Florence’s Magnificent Hour
I watched the Netflix series on the Medici. They were the prominent merchant and banking family in Fifteenth Century Florence who for four generations funded and supported the arts that we now call the Renaissance, or “Rebirth.” Donatello, Botticelli, Verrocchio, Leonardo, Michelangelo—the list could go on—all received commissions from the Medici. After watching the series on Netflix, although some of the facts of the historical drama were stretched for theatrical effect, I came away with a sense of the greatness of this civically and culturally minded family, and also the sheer beauty of Florence and the Divine Action of sublime creativity that took place there. Truly a Golden Age if any could be one, spearheaded by some of the greatest visionaries and artists of all time.
The Medici demanded excellence. And they got it. They had a vision of Florence as a creative hub of not only Italy, but all of Europe as well. I think they achieved that too. They envisioned a world in which commoners could excel and lift themselves into greater standards of social and financial position; one no longer needed the pedigree of noble blood only to be upwardly mobile. The Medici were weavers and wool merchants, then became bankers. They had a great sense of craftsmanship, and they supported a world of artistic beauty and grace, as demonstrated by their incessant patronage of the greatest artists making up the Italian Renaissance.
The women of the Medici were equally powerful in culture and even in state matters. Lucrezia Tornabuoni de Medici, a noble woman, was the mother of Lorenzo the Magnificent, married to Piero de Medici. She was a poet in her own right, and supporter of the arts. She also conducted matters of state when her husband was unable due to being very sickly with gout his whole life. Lorenzo and his mother are depicted here in this Madonna by Botticelli. Lorenzo is holding the inkwell and his mother is the Madonna. Lucrezia insisted upon her children being well educated, growing up with personal tutors. What is obvious in this painting is the adoration of the Mother. It was common to call mothers in 15th century noble families in Florence by the name Madonna. The art depicts this crowning of the mother even more poignantly.
Glorification of the Family
The Medici, as well as the Florentine people, were certainly celebratory. The ruling family gained prestige and standing with the Church by commissioning Church architecture and adornment with paintings and sculpture. They also consecrated a chapel in their own villa, the Magi Chapel, painted by Benozzo Gozzoli. The painter in this case would put the faces of family members in the scene, often as one of the prominent personages. Young Lorenzo is said to be the model for the Youngest of the 3 Kings, Caspar.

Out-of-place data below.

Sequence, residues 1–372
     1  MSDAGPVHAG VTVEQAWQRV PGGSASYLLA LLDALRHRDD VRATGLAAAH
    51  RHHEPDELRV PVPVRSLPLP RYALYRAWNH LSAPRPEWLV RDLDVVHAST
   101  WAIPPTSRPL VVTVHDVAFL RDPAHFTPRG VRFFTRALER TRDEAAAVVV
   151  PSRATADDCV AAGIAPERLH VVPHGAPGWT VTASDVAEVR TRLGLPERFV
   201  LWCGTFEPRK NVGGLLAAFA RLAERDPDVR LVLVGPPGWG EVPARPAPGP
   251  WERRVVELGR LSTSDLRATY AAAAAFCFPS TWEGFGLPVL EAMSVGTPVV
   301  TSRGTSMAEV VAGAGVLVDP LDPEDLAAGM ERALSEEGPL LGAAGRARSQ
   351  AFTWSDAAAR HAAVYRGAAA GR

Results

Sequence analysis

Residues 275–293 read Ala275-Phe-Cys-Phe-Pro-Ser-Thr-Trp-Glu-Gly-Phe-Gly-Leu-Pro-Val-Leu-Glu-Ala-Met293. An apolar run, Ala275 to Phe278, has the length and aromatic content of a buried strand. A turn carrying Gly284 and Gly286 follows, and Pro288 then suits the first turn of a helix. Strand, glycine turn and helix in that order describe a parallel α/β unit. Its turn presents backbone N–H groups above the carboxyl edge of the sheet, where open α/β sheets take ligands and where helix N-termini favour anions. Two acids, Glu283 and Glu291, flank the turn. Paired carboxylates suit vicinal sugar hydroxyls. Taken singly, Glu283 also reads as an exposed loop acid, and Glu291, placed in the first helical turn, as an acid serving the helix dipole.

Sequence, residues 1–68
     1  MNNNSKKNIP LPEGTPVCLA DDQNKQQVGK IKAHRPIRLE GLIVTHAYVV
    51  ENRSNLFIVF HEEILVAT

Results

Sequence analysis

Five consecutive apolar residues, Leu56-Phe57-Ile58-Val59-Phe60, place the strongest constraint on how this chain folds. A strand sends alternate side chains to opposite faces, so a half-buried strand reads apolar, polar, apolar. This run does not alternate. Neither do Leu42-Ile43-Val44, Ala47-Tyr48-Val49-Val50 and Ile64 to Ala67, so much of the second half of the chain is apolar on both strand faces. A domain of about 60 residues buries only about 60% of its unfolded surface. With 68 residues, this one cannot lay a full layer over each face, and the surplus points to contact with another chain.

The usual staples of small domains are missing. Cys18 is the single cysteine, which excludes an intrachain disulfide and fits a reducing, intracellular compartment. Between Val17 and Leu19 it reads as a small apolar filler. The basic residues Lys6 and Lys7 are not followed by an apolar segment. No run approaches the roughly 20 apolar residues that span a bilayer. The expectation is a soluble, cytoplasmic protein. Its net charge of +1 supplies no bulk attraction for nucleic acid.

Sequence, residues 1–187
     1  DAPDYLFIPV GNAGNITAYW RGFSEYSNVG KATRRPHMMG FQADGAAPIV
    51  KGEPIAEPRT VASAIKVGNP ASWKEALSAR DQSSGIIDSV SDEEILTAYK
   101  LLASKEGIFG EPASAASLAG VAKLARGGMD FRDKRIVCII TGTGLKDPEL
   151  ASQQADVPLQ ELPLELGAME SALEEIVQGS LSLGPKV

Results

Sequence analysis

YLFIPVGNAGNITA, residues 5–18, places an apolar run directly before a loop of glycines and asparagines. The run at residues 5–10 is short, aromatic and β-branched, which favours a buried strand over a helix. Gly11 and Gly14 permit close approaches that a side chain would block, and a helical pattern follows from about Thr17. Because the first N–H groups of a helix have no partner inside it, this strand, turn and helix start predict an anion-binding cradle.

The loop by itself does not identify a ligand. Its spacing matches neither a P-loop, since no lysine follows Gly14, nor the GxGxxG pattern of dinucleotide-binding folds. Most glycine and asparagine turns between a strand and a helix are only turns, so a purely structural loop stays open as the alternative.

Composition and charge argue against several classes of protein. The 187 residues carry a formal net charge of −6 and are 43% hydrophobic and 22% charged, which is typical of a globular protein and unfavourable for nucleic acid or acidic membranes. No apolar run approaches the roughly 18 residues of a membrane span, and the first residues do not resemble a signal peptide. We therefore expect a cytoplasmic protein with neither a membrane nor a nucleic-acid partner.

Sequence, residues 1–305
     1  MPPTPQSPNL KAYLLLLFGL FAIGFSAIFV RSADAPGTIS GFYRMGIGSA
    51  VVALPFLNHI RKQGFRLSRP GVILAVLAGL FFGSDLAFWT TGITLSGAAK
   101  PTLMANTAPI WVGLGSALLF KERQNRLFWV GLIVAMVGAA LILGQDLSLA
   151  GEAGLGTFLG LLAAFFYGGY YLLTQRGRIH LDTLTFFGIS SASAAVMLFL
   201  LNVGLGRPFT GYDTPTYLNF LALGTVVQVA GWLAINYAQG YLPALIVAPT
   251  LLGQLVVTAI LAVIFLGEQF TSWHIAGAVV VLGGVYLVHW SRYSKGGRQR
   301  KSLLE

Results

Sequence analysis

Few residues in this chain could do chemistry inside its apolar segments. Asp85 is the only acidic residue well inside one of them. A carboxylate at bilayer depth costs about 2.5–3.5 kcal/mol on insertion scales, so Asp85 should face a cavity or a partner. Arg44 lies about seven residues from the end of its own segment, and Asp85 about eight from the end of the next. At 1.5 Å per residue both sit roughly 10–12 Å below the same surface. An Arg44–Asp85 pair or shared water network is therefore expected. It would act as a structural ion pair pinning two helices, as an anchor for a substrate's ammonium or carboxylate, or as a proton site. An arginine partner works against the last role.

Frequent festivals in Florence marked the cycles of civic life. A procession was expected in key religious festivals. The Florentine community was bound together in these gatherings. The painting of The Magi on their way to Jerusalem placed the Medici Family within the action of the Three Kings and their entourage. When I saw this painting in person in 2008, I could not help but be taken aback by the sheer beauty of the colors, the costumes, the landscape, and the clarity of an overall vision that is depicted here in the Magi Chapel.
Every square inch is a jewel of pigment and exquisite shape and line. The frescos surround the chapel walls, in a 360º panorama of processional regalia. I can appreciate just the complexity of the composition, and the ease in which a “puzzle-like” construction locks together into a jigsaw of color conglomerate that captures and mesmerizes our attention. We are transported to a place of adoration, like the 3 Magi, in which we anticipate a meeting with something glorious and good.
The Royalty of Beauty
The Medici had money, having Europe’s biggest bank, but they also had something money could not buy. They had charm and charisma and a sense of beauty that transcended the world. And these they used to instill a sense of civic pride. Through the development of architecture, literature and art they created a period of aesthetic beauty that has been perhaps unrivaled in other ages, but clearly unsurpassed since then. Florence in the 1400s was dynamic and vibrant. The Medici were what I would call the Royalty of Beauty.
They amassed the brightest and the best. Cosimo de Medici employed Filippo Brunelleschi to accomplish the impossible. The Florence Cathedral had sat for years unfinished, because no one before Brunelleschi had any idea how to construct such a large dome, the largest yet ever to be done. Through a system of a double dome and inner tensile supports, along with bricks set in an interlocking herringbone pattern, the architect completed one of the largest and most beautiful brick domes in history. It stands to this day as the crowning glory of the Florentine skyline, thanks to the Medici for their financial backing.